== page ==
Faculty of law blogs / UNIVERSITY OF OXFORD

How Binding Is Supervisory Guidance?


Franco Fiordelisi
Professor of Banking and Finance, Essex Business School
Gabriele Lattanzio
Assistant Professor, Nazarbayev University
Davide Salvatore Mare
Researcher, World Bank

Supervision and regulation are critical tools to ensure the stability and resilience of the financial sector. Yet, supervisory initiatives are rarely examined separately from regulatory actions and relatively little is known about whether banks respond differently to the adoption of a supervisory guidance as compared to a specular regulatory action. The difference between banking regulation and supervision is indeed blurred in the academic literature. The vast majority of existing empirical studies on this matter focus largely on the impact of the former, often not properly articulating the distinction between supervisory and regulatory initiatives and referring to them interchangeably. Yet, the economic and juridical implications of the issuance of a non-legally binding supervisory guidance under the ‘comply or explain’ framework are materially different from those resulting from the passage of a hypothetically identical regulatory intervention.

In our study, we investigate this important question by empirically assessing whether banks respond differently to the adoption of a supervisory guidance as compared to a specular regulatory action. To do so, we study the staggered and distinct supervisory and regulatory implementation of a reform aiming at tackling the pressing issue of increasing levels of non-performing loans (NPLs) held by European banks, generally referred to as the European calendar provisioning. This initiative is unique for three main reasons. First, it leaves aside the existing arrangements characterized by a global harmonized effort toward banking regulation, as the European Central Bank (ECB) first and the European Commission (EC) introduced it as unilateral supervisory and regulatory changes. Second, its underpinning idea subverts the principles established by the Basel capital agreements themselves. Indeed, rather than relying on banks’ internal models and capital adequacy assessments, these new rules impose minimum loss coverage requirements to be achieved through write-downs or deductions from regulatory capital depending mechanically on the time elapsed since the default of the considered loan. Third, the complex process of adoption and enforcement of the European calendar provisioning represents a unique setting to analyze whether banks respond differently to the adoption of a supervisory guidance issued under the ‘comply or explain framework’ as compared to a specular regulatory action.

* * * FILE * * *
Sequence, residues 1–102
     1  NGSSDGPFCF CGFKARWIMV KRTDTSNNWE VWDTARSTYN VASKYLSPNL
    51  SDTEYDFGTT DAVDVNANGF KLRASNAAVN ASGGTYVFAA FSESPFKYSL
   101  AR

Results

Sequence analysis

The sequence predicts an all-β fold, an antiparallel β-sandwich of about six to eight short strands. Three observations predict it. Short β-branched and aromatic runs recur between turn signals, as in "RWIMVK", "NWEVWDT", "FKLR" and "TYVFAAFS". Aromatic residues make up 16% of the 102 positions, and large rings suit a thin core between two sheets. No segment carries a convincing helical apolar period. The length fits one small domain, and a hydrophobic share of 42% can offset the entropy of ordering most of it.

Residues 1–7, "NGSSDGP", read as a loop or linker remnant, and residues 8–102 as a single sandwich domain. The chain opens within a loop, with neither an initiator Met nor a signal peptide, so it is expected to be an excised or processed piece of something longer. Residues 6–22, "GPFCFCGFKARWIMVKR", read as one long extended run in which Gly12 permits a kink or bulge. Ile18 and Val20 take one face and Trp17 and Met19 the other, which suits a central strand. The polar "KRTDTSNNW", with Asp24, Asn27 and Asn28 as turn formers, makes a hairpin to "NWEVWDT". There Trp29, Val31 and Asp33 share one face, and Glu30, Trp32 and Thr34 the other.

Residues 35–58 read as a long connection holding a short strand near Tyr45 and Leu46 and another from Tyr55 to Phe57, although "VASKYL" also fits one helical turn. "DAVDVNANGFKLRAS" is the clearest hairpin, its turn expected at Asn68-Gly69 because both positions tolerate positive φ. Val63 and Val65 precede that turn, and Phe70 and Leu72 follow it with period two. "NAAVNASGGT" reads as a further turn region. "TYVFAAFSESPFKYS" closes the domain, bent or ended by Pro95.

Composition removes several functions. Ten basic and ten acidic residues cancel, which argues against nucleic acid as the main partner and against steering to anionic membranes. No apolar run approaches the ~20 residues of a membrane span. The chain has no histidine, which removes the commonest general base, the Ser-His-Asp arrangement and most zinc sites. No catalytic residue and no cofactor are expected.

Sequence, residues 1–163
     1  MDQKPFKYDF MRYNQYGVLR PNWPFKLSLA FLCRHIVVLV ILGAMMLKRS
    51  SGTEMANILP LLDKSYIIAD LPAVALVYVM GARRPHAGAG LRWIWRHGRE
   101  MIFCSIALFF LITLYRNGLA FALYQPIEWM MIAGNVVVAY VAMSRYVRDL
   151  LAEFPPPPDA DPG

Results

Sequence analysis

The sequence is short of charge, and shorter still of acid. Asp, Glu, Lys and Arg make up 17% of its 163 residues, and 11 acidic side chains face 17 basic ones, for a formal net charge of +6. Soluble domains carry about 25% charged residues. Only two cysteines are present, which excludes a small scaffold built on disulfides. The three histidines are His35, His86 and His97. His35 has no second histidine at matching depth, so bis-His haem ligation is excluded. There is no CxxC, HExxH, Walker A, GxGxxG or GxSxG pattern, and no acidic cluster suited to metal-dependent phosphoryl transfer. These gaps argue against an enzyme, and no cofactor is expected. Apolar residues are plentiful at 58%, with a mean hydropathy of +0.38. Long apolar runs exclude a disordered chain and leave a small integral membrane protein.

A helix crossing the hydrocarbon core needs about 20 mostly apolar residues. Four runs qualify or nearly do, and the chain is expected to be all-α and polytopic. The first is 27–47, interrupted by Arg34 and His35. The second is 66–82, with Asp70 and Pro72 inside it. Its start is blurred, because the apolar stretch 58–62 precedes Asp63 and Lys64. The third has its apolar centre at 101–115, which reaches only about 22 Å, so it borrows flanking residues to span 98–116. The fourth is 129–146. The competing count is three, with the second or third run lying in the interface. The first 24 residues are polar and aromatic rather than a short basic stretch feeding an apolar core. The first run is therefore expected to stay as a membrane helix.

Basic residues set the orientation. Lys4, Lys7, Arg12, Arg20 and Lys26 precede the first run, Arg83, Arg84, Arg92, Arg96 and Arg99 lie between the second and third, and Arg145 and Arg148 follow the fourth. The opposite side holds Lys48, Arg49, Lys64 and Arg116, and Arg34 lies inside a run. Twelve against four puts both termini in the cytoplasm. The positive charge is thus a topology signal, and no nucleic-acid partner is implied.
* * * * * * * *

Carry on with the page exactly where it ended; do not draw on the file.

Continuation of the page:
The European calendar provisioning was indeed originally introduced in the form of supervisory guidance by the ECB in 2017. Later in 2018, the ECB provided banks and market participants with a clear statement of supervisory expectations about the provision of non-performing loans in an ‘Addendum’ of the supervisory guidance issued in 2017. These expectations add to the Supervisory Review and Evaluation Process (SREP), carried out by ECB under the so-called Pillar 2. As such, the guidelines released by the ECB were non-binding from a legal perspective, de facto representing a pure supervisory action enforceable exclusively under the principle of ‘comply or explain’. Subsequently, in 2019, the European Parliament and the European Council claimed their power to set regulations and published a minimum coverage framework for non-performing exposures (NPEs). This regulatory initiative (known as ‘backstop’) formalizes the system of deduction from banks’ common equity Tier 1 (CET1) triggered when the minimum coverage levels set out by the ECB calendar provisioning supervisory guideline are violated. Being a legislative act, this regulatory action is included in the Pillar 1 framework and, as such, is legally binding. That is, following the approval of this regulation banks and supervisors have no residual flexibility concerning the degree to which the calendar provisioning should be enforced.